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Figure 1. Mechanisms of glia-to-neuron communication. Glial cells release gliotransmitters (e.g., glutamate, D-serine, and ATP) through Ca2+- and SNARE-dependent exocytosis (1) in addition to the release that occurs through alternative non-exocytotic pathways (see below). Depolarization, reductions in extracellular divalent cation concentrations, increases in intracellular Ca2+ and posttranslational modifications might result in the opening of connexin and pannexin hemichannels (HCs) and thus allow the release of gliotransmitters (2). Long-lasting activation of P2X7 by ATP might lead to the appearance of large currents and the rapid exchange of large molecules, including the release of gliotransmitters (3). One theory states that P2X7 receptor conductance dilates over the time and thereby allows the passage of large molecules; however, another hypothesis states that ATP activate a second non-selective permeabilization pathway (Baroja-Mazo et al., 2013). Recently, it was shown that Panx1 hemichannels might mediate this permeability for large molecules in astrocytes (4) (Iglesias et al., 2009). Additionally, gliotransmitter release may occur through volume-regulated anion channels (VRAC) (5) and different carriers and/or co-transporters acting normally or in reverse (6) (e.g., excitatory amino-acid transporters, the cystine-glutamate antiporter, and the D-serine/chloride co-transporter). Within the last decade, a growing body of evidence has indicated that glial cells can also communicate with neurons via the release of vesicles (e.g., exosomes, microparticles, and apoptotic bodies), containing different cellular messengers (e.g., mRNA, viruses, and organelles) (7). Adjacent glial cells and neurons can communicate directly through F-actin-based transient tubular connections known as tunneling nanotubes (8), via cell-to-cell contacts between membrane-bound ligand molecules and their receptors (9) or aggregates of intercellular channels known as gap junctions, which allow the exchange of small molecules (10).

Hemichannels and Glia-to-neuron Communication

Hemichannels are composed of six protein subunits called connexins (Cxs). The latter encompass a highly conserved protein family encoded by 21 genes in humans and 20 in mice, with orthologs in other vertebrate species (Söhl and Willecke, 2004). For a long time, the pivotal function attributed to hemichannels was to provide the building blocks of GJCs, permitting direct but selective cytoplasmic continuity for ions and molecular exchange between contacting cells (Sáez et al., 2003). Nevertheless, recent studies have shown that hemichannels in “non-junctional” membranes can allow the permeation of ions and small molecules and thus, provide a diffusional route of exchange between the intra- and extracellular milieu (Sáez et al., 2005). Accordingly, hemichannels allow the cellular release of autocrine and paracrine signaling molecules (e.g., ATP, glutathione, glutamate, D-serine, NAD+, and PGE2) to the extracellular milieu, as well as the entry of other important signaling ions and molecules (e.g., Ca2+, cADPR, and glucose) (Retamal et al., 2015). Recently, a new family of three membrane proteins termed pannexins (Panxs 1–3) was shown to form single membrane channels with similar paracrine signaling features of hemichannels (Panchin, 2005). Despite that Cxs and Panxs do not share significant amino acid sequences, both Cx hemichannels and Panx channels (hereinafter referred as Panx for simplicity) exhibit similar membrane topology and oligomerization features.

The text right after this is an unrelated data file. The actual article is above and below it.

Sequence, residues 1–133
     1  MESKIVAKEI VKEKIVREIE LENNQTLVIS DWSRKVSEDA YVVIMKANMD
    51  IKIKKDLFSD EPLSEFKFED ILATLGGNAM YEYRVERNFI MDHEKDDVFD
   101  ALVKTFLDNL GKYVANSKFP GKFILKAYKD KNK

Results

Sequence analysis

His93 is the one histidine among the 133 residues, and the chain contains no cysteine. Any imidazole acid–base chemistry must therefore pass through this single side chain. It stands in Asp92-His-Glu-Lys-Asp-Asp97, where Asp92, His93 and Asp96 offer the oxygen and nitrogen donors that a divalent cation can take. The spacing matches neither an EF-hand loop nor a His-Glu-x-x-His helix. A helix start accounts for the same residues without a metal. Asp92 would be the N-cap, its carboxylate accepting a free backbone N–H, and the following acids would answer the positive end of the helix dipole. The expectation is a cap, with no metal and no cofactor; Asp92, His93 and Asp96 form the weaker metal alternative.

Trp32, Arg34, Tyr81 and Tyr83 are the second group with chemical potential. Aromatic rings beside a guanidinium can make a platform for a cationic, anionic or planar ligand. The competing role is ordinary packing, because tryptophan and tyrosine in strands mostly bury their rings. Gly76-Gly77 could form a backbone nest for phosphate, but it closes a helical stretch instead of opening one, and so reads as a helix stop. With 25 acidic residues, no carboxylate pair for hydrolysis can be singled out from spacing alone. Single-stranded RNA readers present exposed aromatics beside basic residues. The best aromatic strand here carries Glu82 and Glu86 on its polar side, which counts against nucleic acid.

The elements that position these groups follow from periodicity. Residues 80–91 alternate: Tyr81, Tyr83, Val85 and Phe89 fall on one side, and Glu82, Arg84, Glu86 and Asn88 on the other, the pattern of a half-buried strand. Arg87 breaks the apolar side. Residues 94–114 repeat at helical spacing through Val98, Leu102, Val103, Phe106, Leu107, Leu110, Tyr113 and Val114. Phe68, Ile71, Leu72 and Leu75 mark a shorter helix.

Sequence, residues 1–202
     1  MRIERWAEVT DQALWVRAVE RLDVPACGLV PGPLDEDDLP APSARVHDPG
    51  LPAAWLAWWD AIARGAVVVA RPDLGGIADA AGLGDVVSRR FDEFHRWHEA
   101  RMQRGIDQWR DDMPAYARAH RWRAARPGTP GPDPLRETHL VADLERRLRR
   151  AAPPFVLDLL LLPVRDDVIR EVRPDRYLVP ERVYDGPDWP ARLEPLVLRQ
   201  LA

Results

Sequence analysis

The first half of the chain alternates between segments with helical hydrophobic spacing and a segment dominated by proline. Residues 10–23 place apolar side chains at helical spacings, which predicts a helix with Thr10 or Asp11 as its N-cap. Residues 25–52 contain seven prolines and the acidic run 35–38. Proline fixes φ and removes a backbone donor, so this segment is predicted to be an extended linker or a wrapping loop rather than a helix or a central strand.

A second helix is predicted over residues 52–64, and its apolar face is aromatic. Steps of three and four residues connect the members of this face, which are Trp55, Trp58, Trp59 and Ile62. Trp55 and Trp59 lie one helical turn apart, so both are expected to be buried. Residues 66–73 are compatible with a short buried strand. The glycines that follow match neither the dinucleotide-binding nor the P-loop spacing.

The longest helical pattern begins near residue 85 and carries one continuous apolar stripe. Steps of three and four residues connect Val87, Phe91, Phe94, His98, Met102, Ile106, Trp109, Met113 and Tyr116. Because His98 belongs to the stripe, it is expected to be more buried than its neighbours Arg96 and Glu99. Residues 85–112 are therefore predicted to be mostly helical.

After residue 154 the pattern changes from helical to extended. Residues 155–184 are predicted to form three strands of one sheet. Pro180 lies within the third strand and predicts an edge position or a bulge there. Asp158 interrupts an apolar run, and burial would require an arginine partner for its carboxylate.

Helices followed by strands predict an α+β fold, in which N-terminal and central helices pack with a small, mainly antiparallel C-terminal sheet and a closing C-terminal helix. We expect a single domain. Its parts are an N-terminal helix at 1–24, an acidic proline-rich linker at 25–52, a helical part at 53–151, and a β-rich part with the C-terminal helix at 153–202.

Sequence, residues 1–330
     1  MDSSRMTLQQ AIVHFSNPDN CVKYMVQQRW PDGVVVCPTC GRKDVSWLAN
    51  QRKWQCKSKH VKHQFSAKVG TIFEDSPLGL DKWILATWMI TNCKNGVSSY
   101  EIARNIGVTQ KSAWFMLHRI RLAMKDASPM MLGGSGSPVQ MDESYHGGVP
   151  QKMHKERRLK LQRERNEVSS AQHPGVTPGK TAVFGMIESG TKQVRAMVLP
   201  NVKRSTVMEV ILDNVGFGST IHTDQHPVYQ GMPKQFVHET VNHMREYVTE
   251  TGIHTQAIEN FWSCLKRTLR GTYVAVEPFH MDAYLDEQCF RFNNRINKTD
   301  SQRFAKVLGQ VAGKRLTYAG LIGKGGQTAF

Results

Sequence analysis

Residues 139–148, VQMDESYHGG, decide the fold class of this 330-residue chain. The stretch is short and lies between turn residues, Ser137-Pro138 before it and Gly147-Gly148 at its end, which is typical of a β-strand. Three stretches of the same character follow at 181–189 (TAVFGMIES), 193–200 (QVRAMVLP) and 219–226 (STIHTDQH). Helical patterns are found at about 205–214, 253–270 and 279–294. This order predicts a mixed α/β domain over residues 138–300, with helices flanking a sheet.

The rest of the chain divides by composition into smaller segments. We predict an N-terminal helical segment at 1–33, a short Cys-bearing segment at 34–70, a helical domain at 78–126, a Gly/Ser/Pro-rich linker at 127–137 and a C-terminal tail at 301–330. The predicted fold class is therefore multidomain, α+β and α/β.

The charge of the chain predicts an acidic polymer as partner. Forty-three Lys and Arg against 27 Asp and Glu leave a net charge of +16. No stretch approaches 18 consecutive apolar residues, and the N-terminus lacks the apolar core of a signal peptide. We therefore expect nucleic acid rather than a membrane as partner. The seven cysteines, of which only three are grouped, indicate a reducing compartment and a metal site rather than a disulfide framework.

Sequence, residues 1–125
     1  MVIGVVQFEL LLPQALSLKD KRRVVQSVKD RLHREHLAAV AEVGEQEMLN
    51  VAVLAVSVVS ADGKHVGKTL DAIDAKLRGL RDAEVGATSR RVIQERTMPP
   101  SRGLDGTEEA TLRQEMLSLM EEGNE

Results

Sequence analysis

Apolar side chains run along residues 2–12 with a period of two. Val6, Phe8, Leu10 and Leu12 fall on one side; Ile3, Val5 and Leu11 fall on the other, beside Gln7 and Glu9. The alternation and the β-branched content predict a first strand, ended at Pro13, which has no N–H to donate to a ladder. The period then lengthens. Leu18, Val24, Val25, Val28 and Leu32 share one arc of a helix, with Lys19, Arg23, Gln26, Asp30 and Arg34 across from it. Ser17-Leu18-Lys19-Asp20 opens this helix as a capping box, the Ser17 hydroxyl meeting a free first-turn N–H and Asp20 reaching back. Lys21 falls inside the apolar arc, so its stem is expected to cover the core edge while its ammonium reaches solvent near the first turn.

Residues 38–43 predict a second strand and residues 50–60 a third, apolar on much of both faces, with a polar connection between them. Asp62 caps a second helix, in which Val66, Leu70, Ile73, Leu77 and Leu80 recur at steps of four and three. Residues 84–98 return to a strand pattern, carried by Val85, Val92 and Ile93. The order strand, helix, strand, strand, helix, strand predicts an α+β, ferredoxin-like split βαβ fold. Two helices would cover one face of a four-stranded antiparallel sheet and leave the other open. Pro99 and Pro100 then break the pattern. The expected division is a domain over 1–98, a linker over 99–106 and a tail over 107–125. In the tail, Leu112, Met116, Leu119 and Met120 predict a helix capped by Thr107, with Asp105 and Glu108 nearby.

Astrocytes are characterized by their higher expression of Cx30 and Cx43 (Dermietzel et al., 1989; Batter et al., 1992), but other Cxs such as Cx26, Cx40, Cx45, and Cx46 have been detected in a lesser extent (Scemes et al., 1998; Rouach et al., 2008). Astrocytes also express important levels of Panx1 (Iglesias et al., 2009; Santiago et al., 2011), whereas both Cx43 and Panx1 have demonstrated to form functional channels in astrocytes in vitro and in vivo (Iglesias et al., 2009; Karpuk et al., 2011; Santiago et al., 2011; Orellana et al., 2015). Furthermore, it has been shown that astrocytic hemichannels are permeable to different molecules (Giaume et al., 2013; Montero and Orellana, 2014), thus allowing the release of ATP (Stout et al., 2002; Anderson et al., 2004; Iglesias et al., 2009; Garré et al., 2010), glutamate (Ye et al., 2003), aspartate (Ye et al., 2003), taurine (Stridh et al., 2008), D-serine (Pan et al., 2015), and glutathione (Rana and Dringen, 2007), as well as the uptake of glucose (Retamal et al., 2007). Up to now, only few studies have documented the expression of functional hemichannels in microglia. Cx32 was the first Cx documented able to form hemichannels in microglia. Pioneering observations by Takeuchi and colleagues, showed that TNF-α induces the release of glutamate (Takeuchi et al., 2006), whereas the expression of functional hemichannels formed by Cx43 and Panx1 also has been reported (Orellana et al., 2011a, 2013a).